You might think that wild frogs would always fare better in wild, natural environments. New research from the University of Florida shows that this isn’t entirely true, much to the surprise of Brett Scheffers, lead researcher and assistant professor in the Department of Wildlife Ecology and Conservation at University of Florida. When he first started researching humanmade ponds and their effect on wood frogs (Lithobates sylvaticu) in Alberta, Canada, his expectation was to find fewer frogs but also frogs of poor condition. “This is because urban wetlands tend to have high levels of chemical run-off, siltation and introduced predatory fish — conditions that are harmful to the health and survival of frogs.”
As humans increase their urban development year on year, the amount of natural landscapes dwindle as they make way for residential and commercial infrastructure. Importantly, these vanishing landscapes include natural wetlands that store rainwater and form an important part of the ecosystem. Without them, urban landscapes can be prone to flooding. In order to counteract the missing water-storage systems, artificial ‘stormwater ponds’ can be installed near these urban expansions. These are designed to collect and maintain the water that is no longer being managed by the missing natural systems, preventing floods during storms and heavy downpours by collecting the water and releasing it slowly. It was these humanmade stormwater ponds that Dr Scheffers wanted to investigate, because not only do they provide a service for humans, but they are also utilised by wildlife in the absence of the natural equivalent.
Despite expecting to find that the frogs he found in these stormwater ponds would be of lower quality, Scheffers discovered something different. “To our surprise we did find frogs at urban ponds and their offspring were noticeably larger than those in more natural settings,” he said.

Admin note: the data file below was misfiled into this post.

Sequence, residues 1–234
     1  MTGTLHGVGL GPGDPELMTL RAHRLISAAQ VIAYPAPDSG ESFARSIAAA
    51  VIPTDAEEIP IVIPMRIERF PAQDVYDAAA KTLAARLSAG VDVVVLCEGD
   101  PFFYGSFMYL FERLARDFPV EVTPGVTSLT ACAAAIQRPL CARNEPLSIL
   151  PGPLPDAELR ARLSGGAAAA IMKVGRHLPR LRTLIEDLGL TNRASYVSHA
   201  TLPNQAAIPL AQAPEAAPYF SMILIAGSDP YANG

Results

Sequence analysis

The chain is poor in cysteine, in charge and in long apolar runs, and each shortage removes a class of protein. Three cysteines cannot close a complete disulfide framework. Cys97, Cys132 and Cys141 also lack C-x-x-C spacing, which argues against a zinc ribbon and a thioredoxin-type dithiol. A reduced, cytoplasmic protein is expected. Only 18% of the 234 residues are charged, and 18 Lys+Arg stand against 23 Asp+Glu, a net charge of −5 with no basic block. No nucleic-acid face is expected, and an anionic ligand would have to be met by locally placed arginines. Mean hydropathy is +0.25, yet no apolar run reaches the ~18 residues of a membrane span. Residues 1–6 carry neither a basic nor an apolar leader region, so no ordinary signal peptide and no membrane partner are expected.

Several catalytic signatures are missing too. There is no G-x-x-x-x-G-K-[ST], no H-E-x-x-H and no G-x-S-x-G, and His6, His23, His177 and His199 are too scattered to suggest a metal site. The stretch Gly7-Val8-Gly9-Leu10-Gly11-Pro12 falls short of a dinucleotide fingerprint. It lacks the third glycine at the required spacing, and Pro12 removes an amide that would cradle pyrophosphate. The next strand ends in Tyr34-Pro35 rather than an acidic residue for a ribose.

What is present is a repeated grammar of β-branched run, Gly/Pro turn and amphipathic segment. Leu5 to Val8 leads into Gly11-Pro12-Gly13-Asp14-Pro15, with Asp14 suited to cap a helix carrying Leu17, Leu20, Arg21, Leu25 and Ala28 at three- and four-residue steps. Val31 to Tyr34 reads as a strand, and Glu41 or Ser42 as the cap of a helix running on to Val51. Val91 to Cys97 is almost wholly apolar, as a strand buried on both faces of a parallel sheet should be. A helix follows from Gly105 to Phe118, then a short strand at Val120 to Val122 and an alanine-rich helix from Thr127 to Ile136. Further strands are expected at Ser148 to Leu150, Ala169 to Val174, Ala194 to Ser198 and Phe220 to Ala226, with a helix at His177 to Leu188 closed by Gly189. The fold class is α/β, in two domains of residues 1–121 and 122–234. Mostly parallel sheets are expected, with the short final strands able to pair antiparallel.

However, this doesn’t necessarily make stormwater ponds a better environment than their natural counterparts. The number of eggs, larvae and tadpoles was fewer in the humanmade stormwater wetlands in comparison with the natural wetlands. This reduced-competition in the environment allows the individuals that are there to grow larger.
For growing frogs, “more isn’t merrier” co-author, Cindy Paszkowkdi, said. “We observed that fewer tadpoles existed in the urban wetlands and so there was likely less competition.” Some frog species lay thousands of eggs at a single time and this means there is a lot of competition for resources. “But instead of splitting their resources a thousand ways, tadpoles in urban wetlands just had a few individuals to compete with,” Paszkowski said. This allows them to grow bigger in the stormwater wetlands, which also offer advantageous cool and stable water temperatures.”
The researchers are keen to encourage decision makers to pay attention to the amount of suitable habitat that surrounds stormwater ponds, so that the frogs that do exist in the area have the best chance of success after leaving the wetland. “The city life of giant frogs offers hope that humans may offset some losses in nature by creating animal-friendly habitats,” Scheffers said. “To do this, we suggest that urban parks and recreational areas should try to maximize the amount of natural vegetation in parks and in areas surrounding urban stormwater ponds.”
Brett R. Scheffers, Cynthia A. Paszkowski. Large body size for metamorphic wood frogs in urban stormwater wetlands. Urban Ecosystems, 2015; DOI: 10.1007/s11252-015-0495-z